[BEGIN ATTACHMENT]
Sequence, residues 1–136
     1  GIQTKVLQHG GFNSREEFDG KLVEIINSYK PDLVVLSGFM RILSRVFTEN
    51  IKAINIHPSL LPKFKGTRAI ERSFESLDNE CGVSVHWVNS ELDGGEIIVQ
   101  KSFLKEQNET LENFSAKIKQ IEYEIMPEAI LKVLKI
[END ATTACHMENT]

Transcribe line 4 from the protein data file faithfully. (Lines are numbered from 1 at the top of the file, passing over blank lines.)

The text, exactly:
   101  KSFLKEQNET LENFSAKIKQ IEYEIMPEAI LKVLKI